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The Scarlet & Black

Sage & Blunt: Down in the Dorms

Henry Loomis

Dear Sage & Blunt,

I think I hate my dorm room. I understand that dorms aren’t supposed to be luxurious or anything, but I just haven’t been able to feel comfortable even after putting up all my decorations. Maybe I’ll just get used to it with time, but how do I make this space feel more like home?


Down in the Dorms



Dear Down in the Dorms,

Hate is quite a strong word. Don’t settle on such language before you have a chance to really settle into your new space. This may be the first time in your life you’ve been tasked with creating a home by yourself or with the help of a stranger or friend. It’s an undertaking, one that requires you to ask yourself what home really feels like to you. While you ponder that question, I do have some practical tips.

If you can get your hands on some alternative lighting, I would highly recommend it. Warm, soft light that doesn’t come out of the ceiling does wonders for the psyche. I would also cover up as much of the walls as you possibly can, with whatever you can think of — not just posters and photos, but favorite pages torn from books and magazines, old license plates, wrappers, tea towels and great t-shirts that you have grown out of. I know you mentioned decorations, but if yours don’t include any pictures of people you love, that needs to change! Take photos with your best Grinnell people, and add those, too. More reminders of what you cherish, less reminders of the wall.

Write yourself notes and leave them around your room. “Paper due Thursday midnight.” “Call Mom back.” “Just do what you are doing while you’re doing it, and the rest will work itself out.” Notes with your favorite song lyrics or funny things people have said to you, notes that remind you to treat yourself nicely if that’s something that you easily forget to do. One next to the mirror — “You look better than you are giving yourself credit for.” When you’re far away from the people who raised you, leaving yourself notes is a good reminder that someone is looking out for you.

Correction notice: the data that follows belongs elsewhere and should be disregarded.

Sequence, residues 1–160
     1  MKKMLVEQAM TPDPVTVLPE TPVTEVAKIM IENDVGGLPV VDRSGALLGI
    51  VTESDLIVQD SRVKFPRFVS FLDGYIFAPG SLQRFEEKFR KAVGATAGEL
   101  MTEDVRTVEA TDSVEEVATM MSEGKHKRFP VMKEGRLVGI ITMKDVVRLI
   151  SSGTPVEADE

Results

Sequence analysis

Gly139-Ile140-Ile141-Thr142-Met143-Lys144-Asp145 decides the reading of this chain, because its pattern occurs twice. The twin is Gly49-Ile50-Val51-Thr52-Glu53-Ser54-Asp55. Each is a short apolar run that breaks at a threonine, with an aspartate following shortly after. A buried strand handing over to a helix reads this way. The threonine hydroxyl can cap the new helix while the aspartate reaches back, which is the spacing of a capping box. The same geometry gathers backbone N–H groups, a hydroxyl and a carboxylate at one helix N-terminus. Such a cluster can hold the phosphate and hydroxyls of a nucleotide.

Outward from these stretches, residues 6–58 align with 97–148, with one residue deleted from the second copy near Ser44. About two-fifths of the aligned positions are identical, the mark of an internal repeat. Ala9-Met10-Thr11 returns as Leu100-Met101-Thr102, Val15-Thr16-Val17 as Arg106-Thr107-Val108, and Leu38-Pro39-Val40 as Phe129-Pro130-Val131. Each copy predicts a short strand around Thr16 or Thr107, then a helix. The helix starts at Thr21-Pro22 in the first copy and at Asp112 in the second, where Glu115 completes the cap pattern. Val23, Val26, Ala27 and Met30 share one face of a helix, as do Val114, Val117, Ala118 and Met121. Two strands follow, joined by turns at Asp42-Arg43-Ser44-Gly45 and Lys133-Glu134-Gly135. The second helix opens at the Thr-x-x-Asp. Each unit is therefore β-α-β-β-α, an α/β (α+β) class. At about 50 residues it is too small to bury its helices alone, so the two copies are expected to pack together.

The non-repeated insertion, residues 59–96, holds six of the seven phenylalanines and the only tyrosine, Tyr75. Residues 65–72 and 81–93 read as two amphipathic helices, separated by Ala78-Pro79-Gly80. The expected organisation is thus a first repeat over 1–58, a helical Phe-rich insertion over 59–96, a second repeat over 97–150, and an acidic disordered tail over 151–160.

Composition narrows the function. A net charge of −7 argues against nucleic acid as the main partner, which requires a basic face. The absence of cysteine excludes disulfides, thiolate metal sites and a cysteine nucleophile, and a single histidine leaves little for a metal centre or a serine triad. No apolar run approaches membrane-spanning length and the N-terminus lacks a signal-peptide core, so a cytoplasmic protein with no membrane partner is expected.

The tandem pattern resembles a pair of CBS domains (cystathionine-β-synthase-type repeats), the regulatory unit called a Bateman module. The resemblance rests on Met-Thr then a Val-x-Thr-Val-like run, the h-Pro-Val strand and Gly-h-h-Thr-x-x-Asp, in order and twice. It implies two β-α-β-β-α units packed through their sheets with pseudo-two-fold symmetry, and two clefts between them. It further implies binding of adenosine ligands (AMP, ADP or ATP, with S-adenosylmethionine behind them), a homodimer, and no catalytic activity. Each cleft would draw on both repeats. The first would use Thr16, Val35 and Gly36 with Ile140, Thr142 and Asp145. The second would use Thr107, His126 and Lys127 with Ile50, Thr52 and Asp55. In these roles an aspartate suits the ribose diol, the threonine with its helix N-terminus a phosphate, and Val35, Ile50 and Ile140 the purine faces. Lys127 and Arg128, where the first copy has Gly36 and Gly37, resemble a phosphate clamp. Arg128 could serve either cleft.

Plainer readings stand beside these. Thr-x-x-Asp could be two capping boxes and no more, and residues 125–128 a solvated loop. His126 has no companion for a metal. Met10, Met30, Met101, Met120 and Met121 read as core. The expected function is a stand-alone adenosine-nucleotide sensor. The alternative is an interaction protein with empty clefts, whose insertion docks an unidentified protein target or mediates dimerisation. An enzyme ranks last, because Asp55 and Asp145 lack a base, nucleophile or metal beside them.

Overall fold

Make memories in your room. Invite people over — to watch movies or play card games, to help you organize your closet, to make out. Home is home because it’s rich with nostalgia and sentimentality, and you have to build that again once you move somewhere new.

You must also do romantic things in your room. Don’t just use it to sleep and get dressed, although those two rituals can be transformed into high romance if you change your mindset around them. I think of romance as tending to oneself — making tea, preparing yourself a thoughtful snack, perfuming the air with non-flammable means, I love my oil diffuser dearly, reading yourself bedtime stories. Play good music and dance.

Home is home because it’s rich with nostalgia and sentimentality, and you have to build that again once you move somewhere new.

Here’s an example — I keep a bowl of dark chocolate mints in my fridge because I love myself and I give treats to the people I love, and yes, I buy chocolates from the grocery store and decant them into a bowl, because romance! Have you, Down in the Dorms, ever stopped to truly savor a cold, smooth sweet in the comfort of your own twin XL bed? I can’t recommend the experience highly enough. That’s the kind of stuff that makes me feel at home and at ease. 

Of course, time will help. Your room will also hopefully come to feel like home because of all the tears, odd noises and profoundly human things you let fly in there. My room feels like home now because of the routine I execute after coming back from a shower — kick off my flip-flops, set my caddy down in its designated spot, hang up my towel, then rot in my bathrobe while staring at my phone for 45 minutes — not everything is romantic!

College is an interesting time in our lives because our idea of home gets complicated. For some of us, home feels caught between two or more places. For others, we realize that we feel much more at home living away from our folks than we ever did growing up. Your room may never feel like home, it may just feel like somewhere you live for most of the year. You can look for small tastes of home in other spots or in special people, and that will be good enough.


Sage & Blunt

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About the Contributor
Henry Loomis, Graphic Designer
Henry Loomis is a second-year studio art major from Eau Claire, Wisconsin.  He loves books, trees, the artist Ellen Gallagher, movies, but especially queer films involving the ocean, and grows more obsessed with Joanna Newsom every day (the songs seem long, but he promises they’re engaging).
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